WASHINGTON (AP) — The Biden administration has officially withdrawn a rule that would have required workers at large employers to get vaccinated or face regular COVID testing requirements.
The Occupational Safety and Health Administration confirmed the withdrawal Tuesday (Jan. 25). But the agency said it still strongly encourages workers to get vaccinated.
In early November, OSHA announced a vaccine-or-test mandate for companies with at least 100 employees. The rule, which would have impacted more than 80 million U.S. workers, was originally set to go into effect Jan. 4.
But numerous states and business groups challenged the rule in court. On Jan. 13, the Supreme Court halted the plan. In a 6-3 ruling, the court’s conservative majority concluded that OSHA had overstepped its authority.
Southern Baptist Theological Seminary was among those organizations opposing the mandate, filing a petition  in November to block its enforcement. SBTS President Albert Mohler celebrated  the Supreme Court’s ruling, calling it “a vindication of our cause from the very beginning” and adding: “The issue here is not the vaccine, but the attempt by the Biden administration to turn employers, including religious employers, into extensions of the administrative state.”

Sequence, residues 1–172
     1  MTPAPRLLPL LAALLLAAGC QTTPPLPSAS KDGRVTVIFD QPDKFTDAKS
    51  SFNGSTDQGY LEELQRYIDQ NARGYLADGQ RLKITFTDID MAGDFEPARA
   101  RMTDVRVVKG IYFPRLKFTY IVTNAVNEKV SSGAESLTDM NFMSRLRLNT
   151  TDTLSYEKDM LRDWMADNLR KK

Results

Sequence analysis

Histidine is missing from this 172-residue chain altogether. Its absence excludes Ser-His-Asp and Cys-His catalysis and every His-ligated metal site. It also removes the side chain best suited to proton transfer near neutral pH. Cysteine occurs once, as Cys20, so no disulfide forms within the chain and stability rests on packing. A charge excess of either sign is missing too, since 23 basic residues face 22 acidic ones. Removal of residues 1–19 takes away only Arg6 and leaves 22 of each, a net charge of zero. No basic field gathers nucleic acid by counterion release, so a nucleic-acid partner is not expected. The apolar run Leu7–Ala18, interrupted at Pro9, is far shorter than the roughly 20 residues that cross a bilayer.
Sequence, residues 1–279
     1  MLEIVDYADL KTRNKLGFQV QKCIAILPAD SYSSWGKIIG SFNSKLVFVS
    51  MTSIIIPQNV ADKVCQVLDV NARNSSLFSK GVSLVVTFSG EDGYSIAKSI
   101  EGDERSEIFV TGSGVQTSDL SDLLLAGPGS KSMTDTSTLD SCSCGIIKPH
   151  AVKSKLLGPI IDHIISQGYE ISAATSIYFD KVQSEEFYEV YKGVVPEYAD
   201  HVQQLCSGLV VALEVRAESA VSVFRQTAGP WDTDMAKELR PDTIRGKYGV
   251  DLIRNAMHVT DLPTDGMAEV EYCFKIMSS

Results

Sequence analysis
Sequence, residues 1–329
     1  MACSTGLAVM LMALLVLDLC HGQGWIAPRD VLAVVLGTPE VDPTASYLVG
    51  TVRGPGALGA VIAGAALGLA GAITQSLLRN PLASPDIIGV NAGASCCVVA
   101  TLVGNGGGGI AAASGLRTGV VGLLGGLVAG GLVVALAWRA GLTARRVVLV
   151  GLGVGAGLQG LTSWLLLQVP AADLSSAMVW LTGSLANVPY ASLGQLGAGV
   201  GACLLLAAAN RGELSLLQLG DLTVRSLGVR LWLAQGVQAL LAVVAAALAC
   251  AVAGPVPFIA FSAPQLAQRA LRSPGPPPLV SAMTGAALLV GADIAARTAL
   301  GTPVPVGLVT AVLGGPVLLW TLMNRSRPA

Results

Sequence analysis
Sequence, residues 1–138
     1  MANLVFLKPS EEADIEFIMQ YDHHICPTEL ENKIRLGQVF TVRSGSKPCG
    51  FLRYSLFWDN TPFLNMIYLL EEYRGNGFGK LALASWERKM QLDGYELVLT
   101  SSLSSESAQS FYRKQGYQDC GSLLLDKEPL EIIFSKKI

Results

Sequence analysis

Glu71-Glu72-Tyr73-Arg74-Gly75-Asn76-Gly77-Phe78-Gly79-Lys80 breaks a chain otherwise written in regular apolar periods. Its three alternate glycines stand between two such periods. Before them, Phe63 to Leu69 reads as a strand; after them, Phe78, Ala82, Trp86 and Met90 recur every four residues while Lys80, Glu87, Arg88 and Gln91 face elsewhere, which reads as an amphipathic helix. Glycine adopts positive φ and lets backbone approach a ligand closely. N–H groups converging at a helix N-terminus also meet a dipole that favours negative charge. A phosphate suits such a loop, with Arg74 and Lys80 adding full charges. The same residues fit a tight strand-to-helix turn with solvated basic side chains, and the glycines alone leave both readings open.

In their opinion, the court’s majority wrote, “OSHA has never before imposed such a mandate. Nor has Congress. Indeed, although Congress has enacted significant legislation addressing the COVID-19 pandemic, it has declined to enact any measure similar to what OSHA has promulgated here.”
The justices left in place a vaccine mandate for health care providers who receive federal Medicare or Medicaid funding. That rule affects 10.4 million workers.
OSHA indicated that the rule could return in some form. While it is no longer an enforceable standard, it remains a proposed rule, OSHA said. In the meantime, the agency said it will prioritize the health care mandate.